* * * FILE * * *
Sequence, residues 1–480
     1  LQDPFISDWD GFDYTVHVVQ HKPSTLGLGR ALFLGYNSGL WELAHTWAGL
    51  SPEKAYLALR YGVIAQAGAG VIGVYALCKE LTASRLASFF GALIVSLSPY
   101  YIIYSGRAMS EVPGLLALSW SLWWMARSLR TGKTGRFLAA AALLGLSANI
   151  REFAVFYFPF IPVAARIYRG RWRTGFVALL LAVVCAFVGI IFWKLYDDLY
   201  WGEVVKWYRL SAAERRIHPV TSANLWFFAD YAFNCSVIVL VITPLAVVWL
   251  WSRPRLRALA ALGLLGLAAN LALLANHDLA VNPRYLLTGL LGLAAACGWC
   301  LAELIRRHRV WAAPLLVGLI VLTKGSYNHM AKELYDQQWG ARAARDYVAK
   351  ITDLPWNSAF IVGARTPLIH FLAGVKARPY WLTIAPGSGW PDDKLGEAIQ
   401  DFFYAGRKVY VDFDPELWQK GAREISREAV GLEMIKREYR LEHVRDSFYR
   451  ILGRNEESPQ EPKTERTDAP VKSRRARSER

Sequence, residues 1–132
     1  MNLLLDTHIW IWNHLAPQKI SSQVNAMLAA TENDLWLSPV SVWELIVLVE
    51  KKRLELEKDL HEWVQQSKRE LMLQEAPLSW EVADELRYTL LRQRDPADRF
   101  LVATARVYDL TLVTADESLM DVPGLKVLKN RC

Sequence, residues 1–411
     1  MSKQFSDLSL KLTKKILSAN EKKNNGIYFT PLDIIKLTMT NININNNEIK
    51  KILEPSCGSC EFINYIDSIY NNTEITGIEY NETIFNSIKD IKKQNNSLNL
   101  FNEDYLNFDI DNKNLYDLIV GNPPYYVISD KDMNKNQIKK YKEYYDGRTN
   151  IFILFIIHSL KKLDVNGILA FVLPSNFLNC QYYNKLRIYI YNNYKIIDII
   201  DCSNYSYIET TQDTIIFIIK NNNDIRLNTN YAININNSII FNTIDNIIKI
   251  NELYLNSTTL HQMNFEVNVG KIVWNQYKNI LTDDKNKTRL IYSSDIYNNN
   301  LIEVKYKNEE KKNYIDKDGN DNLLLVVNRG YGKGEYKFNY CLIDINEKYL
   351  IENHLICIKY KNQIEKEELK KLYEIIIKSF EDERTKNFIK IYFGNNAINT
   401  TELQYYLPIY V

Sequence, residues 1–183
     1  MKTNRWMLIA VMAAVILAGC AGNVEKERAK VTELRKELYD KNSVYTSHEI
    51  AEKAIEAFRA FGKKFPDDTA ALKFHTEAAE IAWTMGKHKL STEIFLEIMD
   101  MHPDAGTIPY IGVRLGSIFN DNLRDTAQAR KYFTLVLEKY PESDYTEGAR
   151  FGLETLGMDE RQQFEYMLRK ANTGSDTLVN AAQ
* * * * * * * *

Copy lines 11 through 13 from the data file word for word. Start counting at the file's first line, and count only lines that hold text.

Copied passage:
   451  ILGRNEESPQ EPKTERTDAP VKSRRARSER

Sequence, residues 1–132
     1  MNLLLDTHIW IWNHLAPQKI SSQVNAMLAA TENDLWLSPV SVWELIVLVE